National Center for Public Policy Research press release


For Release: April 9, 2012
Contact:
David Almasi at (202) 543-4110 x11 or (703) 568-4727 or [email protected], or Judy Kent at (703) 759-7476 or [email protected]

 

Conflict of Interest Concerns Escalate Over Apple Board Member Al Gore

Apple's Fuel Cell Project Likely to Financially Benefit Gore's Investment in Bloom Energy

New Concerns Follow Shareholder Proposal Calling for an Investigation of Gore

 

Washington, D.C. - The National Center for Public Policy Research, which submitted a shareholder proposal warning Apple, Inc. about potential conflicts of interest involving board member Al Gore in February, is today calling attention to a new potential conflict of interest directly involving Gore.

It has recently been revealed that Apple's massive new North Carolina data center will be powered by fuel cell technology supplied by Bloom Energy, a company whose investors include the venture capital firm Kleiner Perkins Caufield & Byers, where Gore is a partner.

The 4.8-megawatt power facility is reported to be the biggest fuel cell facility ever built by a non-utility company. Fuel cell technology uses hydrogen or natural gas to generate electricity by an electro-chemical process that does not involve combustion of carbon-based fuels.

"Apple buying technology from Bloom Energy, where Gore has a financial stake, is a clear conflict of interest. Shareholders must question why Apple is choosing to pay a premium for alternative energy when there are many sources of cheaper energy available in North Carolina, such as coal," said Tom Borelli, Ph.D., director of the National Center's Free Enterprise Project.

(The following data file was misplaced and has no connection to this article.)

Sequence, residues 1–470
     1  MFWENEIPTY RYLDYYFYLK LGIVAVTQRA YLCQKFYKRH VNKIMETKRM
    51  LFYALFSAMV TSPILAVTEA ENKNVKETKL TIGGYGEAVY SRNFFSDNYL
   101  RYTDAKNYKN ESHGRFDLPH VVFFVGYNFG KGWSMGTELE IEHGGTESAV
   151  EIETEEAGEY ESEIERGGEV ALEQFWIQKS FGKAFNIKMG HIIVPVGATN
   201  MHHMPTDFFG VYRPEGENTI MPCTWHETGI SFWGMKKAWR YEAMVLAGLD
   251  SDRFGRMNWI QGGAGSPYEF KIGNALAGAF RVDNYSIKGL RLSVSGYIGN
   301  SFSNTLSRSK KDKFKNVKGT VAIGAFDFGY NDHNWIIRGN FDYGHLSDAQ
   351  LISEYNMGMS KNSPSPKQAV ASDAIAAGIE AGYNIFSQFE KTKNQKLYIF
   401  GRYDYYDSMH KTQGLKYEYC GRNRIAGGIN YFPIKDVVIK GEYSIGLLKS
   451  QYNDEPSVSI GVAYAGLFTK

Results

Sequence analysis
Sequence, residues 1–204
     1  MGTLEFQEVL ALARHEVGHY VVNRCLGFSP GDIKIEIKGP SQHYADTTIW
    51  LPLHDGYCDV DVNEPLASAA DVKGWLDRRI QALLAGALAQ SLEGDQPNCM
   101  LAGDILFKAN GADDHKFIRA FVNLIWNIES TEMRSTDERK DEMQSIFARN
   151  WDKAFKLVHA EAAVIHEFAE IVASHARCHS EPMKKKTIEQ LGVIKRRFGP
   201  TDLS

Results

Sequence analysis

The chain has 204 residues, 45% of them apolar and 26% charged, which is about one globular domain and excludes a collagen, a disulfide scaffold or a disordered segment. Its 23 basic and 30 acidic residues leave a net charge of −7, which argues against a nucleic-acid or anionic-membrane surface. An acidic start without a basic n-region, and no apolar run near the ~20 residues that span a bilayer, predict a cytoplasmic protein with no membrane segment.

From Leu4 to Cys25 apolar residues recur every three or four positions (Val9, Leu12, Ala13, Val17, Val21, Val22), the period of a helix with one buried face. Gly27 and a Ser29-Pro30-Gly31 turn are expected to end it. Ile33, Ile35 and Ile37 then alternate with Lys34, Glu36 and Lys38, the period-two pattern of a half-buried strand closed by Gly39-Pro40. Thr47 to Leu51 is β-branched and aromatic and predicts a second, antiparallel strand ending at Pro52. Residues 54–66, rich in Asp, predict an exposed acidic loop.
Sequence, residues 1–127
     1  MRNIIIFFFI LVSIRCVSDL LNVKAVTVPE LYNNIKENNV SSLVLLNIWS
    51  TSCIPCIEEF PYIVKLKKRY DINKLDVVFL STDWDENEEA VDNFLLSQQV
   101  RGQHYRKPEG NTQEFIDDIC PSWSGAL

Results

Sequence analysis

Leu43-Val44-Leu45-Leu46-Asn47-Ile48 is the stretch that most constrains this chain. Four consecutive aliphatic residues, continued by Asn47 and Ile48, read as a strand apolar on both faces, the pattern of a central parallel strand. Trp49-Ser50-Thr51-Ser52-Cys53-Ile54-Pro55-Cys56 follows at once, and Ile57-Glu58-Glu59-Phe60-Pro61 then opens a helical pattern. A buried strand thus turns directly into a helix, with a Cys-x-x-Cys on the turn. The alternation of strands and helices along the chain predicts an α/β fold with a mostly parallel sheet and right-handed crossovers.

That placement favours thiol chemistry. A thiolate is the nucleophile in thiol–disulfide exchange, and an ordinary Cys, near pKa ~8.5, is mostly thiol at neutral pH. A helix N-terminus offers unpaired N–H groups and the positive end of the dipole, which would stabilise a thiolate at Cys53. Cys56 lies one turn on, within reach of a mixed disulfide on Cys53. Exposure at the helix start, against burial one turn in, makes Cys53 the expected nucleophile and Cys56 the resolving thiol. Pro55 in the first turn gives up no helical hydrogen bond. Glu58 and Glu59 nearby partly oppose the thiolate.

This new concern follows another conflict of interest matter involving Gore. On behalf of the National Center for Public Policy Research, an Apple shareholder, Dr. Borelli presented a conflict of interest shareholder proposal at Apple's annual shareholder meeting in February. The proposal highlighted concerns that Gore influenced Apple's decision to end its membership in the U.S. Chamber of Commerce in order to benefit Gore's personal investments in alternative energy technology.

Apple's management opposed the National Center's proposal, which led to its defeat.

"We remain concerned that Gore is using his board position at Apple to get a financial return on his personal investments. First, we believe Gore played a role in making the company end its membership with the U.S. Chamber in an attempt to influence the trade group from lobbying against climate change regulations. Now Apple is reportedly investing millions of dollars in an alternative energy technology, with the money going to Bloom Energy, in which Gore's firm has made significant investments," said Dr. Borelli.

"Shareholders have a right to know if Gore is using his board position at Apple to bail out his personal investments in alternative energy and green technology. Renewable energy technology companies are proving to be bad investments, with a number of companies experiencing financial difficulties, including bankruptcies. Gore should be taking the financial risks with his personal investments, not Apple shareholders," added Dr. Borelli.

The National Center For Public Policy Research is a conservative, free-market, non-profit think-tank established in 1982. It is supported by the voluntary gifts of over 100,000 individual recent supporters, receiving approximately one percent of its revenue from corporate sources. Contributions to it are tax-deductible.

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